Hope. Such a small word carries so many emotions and expectations. We use hope to describe everything from wishing to confident expectation. This hope that Paul talks about in Acts 26 is much more than wishing or even confident expectation. This hope leaves all those other kinds of hope in its dust. It is “an essential and fundamental element of Christian life, so essential that, like faith and love, it can itself designate the essence of Christianity” (Easton’s Bible Dictionary).
Paul tells us where his hope lies: “in the promise made by God to our fathers…” God promised salvation and resurrection from the dead to His people. Jesus is the fulfillment of this promise. The salvation that the Jews had been earnestly longing for had come, and they denied Him. This hope is a funny thing. The Jews longed for it yet refused to accept it when Jesus offered it. But Paul understands that view. It was a view he once held himself until he personally encountered the author of hope.
The next few verses encourage and challenge me. Paul doesn’t launch into a deep theological exposition on Christ or salvation or the resurrection from the dead. He shares his story of how this hope reached out to him on the road to Damascus and radically changed his life. He shares the transformation from chasing after an empty hope to believing in the Person who offers rock solid, unchanging, undeniable, life-altering hope. He shares this hope before a king, just as Jesus said he would in Acts 9:15.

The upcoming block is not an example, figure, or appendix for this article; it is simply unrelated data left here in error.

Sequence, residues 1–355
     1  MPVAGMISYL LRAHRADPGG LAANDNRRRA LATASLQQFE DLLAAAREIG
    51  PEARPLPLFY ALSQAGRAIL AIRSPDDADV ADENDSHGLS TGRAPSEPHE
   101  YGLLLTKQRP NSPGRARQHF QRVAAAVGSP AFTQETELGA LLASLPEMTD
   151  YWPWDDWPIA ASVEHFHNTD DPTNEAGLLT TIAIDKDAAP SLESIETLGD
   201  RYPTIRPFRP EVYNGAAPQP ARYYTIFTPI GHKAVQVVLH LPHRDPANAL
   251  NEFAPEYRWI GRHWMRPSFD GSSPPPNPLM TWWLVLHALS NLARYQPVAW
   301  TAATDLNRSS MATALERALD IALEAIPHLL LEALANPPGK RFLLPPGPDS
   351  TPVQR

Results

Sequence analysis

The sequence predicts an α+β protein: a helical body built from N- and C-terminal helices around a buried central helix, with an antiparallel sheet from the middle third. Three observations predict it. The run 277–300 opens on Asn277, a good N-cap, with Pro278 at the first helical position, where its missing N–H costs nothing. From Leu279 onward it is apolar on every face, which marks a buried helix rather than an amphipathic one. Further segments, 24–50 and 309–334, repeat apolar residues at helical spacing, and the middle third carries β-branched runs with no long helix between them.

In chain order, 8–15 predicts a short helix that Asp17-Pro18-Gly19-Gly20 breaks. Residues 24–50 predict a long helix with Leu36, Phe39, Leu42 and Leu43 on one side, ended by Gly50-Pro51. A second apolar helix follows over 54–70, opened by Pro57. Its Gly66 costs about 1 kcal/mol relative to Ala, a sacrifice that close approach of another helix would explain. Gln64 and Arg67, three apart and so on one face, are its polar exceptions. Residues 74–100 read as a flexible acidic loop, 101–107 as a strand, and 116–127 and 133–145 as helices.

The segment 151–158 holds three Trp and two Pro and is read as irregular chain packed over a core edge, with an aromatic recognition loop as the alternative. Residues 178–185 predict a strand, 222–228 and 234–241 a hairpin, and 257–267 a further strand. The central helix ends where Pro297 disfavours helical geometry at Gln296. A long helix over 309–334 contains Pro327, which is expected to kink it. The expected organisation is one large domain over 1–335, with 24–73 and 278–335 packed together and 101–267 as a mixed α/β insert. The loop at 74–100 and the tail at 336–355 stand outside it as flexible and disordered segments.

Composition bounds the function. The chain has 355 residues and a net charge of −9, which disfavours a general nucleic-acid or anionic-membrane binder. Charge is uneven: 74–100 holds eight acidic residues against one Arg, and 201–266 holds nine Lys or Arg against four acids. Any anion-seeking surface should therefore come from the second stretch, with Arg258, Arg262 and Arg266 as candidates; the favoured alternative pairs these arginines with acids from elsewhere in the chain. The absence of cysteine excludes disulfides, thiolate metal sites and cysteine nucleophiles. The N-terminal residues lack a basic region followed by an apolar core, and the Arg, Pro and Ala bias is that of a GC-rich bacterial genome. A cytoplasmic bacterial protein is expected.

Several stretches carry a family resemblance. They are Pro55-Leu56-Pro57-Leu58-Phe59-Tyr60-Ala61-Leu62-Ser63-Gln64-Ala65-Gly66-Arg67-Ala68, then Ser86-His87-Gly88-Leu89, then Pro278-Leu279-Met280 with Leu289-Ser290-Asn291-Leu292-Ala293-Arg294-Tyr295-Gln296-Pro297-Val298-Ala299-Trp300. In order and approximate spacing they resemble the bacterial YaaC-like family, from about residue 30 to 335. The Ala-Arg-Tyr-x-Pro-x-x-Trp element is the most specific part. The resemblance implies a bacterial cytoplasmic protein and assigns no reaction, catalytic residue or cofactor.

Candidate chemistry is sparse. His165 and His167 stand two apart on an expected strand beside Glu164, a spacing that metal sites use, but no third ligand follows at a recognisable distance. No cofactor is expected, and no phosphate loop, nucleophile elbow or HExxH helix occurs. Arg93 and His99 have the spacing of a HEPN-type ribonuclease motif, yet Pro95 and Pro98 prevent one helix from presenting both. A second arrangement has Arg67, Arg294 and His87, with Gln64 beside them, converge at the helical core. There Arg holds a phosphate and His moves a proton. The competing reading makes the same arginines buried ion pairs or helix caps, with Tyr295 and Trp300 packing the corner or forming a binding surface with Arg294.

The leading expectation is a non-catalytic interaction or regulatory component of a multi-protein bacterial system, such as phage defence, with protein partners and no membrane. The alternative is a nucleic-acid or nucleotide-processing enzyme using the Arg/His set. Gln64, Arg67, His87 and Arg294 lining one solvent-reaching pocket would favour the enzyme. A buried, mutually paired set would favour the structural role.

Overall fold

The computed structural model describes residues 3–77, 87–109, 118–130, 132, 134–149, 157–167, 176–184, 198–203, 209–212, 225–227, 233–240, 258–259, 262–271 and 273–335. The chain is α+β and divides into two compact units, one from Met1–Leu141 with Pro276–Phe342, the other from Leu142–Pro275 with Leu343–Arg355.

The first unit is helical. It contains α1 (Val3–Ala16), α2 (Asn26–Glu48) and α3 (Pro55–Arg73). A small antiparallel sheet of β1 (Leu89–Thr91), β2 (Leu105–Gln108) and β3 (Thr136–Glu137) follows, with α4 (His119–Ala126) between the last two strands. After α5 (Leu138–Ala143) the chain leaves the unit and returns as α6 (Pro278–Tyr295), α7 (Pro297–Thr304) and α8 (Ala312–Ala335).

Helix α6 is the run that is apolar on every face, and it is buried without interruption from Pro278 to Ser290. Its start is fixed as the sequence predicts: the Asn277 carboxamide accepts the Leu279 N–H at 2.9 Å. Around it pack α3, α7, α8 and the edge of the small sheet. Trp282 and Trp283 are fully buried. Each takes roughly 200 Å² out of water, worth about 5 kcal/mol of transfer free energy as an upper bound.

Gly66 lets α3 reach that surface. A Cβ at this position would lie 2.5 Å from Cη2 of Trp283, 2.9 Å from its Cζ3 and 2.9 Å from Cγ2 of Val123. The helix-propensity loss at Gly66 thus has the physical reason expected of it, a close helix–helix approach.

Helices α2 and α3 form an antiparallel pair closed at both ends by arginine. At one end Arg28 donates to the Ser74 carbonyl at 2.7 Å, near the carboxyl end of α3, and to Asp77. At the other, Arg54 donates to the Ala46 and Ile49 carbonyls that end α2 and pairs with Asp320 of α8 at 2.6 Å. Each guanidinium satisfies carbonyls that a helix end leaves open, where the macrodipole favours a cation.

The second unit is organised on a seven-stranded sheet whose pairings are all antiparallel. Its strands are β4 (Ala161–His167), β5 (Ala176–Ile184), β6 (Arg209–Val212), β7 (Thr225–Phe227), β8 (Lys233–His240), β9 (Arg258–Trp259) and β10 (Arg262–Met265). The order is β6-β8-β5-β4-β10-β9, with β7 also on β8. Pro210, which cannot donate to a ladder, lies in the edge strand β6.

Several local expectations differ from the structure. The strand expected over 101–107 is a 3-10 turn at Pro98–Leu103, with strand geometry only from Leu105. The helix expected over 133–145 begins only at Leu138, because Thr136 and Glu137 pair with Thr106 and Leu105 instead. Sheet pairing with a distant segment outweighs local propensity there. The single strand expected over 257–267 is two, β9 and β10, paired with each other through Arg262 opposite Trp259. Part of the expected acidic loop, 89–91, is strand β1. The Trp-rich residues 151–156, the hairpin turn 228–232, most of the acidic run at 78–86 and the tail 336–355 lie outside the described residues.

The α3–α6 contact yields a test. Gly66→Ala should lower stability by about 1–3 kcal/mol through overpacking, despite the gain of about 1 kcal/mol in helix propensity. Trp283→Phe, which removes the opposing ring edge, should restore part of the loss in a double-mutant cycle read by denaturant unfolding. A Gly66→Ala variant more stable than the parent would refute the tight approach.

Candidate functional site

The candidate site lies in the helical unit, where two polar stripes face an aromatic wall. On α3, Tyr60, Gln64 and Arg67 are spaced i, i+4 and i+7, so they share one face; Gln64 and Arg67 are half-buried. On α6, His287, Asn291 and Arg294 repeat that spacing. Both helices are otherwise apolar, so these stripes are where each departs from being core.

We might not ever stand before a king, but each of us has our own story of encountering the person of Jesus and the eternal hope that He offers. 1 Peter 3:15 (NLT) encourages us this way, “…And if someone asks about your hope as a believer, always be ready to explain it.” Paul showed us the best way, not a wordy, theological answer, but simply by sharing his story of how he encountered Christ and found hope forever.